The protagonist of the film, Alita, looks doll-like, with manga eyes and animated expressions. In order to achieve this without making it look too unrealistic, a mix of live-action and computer-generated imagery was used. Although the fate of the film hinged on how the audience would respond to its titular character, Rodriguez focused on ironing out the kinks in a way that made sense to him and Cameron. Rodriguez explained the process in an interview with The Irish Times:
“We did worry about how it would all fit together. We kept the line in there that she wasn’t completely human. Because even a few years ago, we couldn’t have made her look like she does… I wasn’t making a movie for Fox. I was making it for Jim. And Jim and I are buddies. So if we liked it, that’s what we did. I felt like I had my own Terminator with me to protect me. It was pretty much like working on an independent film.”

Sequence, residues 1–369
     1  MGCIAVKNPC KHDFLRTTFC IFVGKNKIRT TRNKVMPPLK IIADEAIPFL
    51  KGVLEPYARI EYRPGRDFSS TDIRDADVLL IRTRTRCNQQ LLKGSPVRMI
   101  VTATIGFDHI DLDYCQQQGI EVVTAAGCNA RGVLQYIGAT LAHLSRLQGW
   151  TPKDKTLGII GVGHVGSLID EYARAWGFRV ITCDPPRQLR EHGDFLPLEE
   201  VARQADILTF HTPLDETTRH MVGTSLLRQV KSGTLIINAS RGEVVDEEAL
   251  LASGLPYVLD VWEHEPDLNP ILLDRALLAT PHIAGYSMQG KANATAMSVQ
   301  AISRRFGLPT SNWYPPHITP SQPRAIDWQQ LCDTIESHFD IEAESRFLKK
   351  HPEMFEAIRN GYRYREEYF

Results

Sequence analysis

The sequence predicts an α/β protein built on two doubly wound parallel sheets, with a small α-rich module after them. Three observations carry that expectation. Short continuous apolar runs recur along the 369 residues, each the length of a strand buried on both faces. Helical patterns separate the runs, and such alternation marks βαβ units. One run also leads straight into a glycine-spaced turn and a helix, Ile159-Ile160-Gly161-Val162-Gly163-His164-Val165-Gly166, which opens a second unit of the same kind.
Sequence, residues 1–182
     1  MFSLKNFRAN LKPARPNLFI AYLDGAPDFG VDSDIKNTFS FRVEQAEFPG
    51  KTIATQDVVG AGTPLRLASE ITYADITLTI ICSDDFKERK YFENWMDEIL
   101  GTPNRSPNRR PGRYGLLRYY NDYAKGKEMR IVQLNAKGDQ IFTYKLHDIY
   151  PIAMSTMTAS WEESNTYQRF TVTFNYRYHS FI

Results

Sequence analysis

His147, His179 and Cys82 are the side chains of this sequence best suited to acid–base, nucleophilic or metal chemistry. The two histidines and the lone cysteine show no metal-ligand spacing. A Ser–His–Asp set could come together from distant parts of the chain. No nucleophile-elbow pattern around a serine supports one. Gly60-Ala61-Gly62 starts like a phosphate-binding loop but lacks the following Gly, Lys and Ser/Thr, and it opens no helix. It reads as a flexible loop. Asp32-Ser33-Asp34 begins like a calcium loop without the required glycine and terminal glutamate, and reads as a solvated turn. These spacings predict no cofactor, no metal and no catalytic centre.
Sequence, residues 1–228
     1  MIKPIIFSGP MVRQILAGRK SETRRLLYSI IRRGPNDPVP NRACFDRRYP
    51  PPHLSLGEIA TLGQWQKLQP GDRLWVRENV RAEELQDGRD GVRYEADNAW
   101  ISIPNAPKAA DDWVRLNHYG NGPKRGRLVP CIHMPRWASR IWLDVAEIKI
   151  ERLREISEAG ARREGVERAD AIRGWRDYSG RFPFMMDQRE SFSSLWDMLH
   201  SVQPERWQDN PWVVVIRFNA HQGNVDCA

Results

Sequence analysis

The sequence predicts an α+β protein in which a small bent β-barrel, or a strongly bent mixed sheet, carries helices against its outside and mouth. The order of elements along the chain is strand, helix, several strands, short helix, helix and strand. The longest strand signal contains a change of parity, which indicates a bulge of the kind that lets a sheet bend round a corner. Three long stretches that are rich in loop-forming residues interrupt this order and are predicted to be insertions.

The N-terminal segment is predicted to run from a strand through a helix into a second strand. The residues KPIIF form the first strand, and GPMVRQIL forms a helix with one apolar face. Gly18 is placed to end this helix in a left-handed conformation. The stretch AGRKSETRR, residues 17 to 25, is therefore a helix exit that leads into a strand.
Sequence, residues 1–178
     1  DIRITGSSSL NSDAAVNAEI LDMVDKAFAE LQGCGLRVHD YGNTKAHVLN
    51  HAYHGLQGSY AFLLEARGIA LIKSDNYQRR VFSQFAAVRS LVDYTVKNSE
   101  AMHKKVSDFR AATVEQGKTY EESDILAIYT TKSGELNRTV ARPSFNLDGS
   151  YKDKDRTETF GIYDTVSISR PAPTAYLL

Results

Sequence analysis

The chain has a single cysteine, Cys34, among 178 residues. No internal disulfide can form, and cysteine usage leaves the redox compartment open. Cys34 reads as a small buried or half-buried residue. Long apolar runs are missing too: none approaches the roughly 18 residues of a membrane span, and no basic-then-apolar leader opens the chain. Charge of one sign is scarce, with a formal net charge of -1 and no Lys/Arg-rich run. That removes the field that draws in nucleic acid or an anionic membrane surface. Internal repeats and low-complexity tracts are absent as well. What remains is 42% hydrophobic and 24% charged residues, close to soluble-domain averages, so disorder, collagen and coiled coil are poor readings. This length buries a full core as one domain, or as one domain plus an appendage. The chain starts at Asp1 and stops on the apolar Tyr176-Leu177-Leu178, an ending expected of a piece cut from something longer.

Apart from having access to the right kind of technology that made Alita’s semi-CGI appearance possible, actress Rosa Salazar (who plays Alita) was instrumental in bringing the character to life on the big screen. Salazar was able to portray Alita’s complex emotions in a way that viewers could identify with, despite the fact that she wasn’t entirely human.
“Alita: Battle Angel” features futuristic cyborg suits, cool weapons like the Damascus blade, and extreme sports like Motorball. However, Alita is the beating heart of the film, and it is her bond with the other characters that provides the cyberpunk narrative with an emotional edge. Rodriguez channeled what Cameron did best: using technology to create fantastical worlds that would seem rather empty without characters worth rooting for.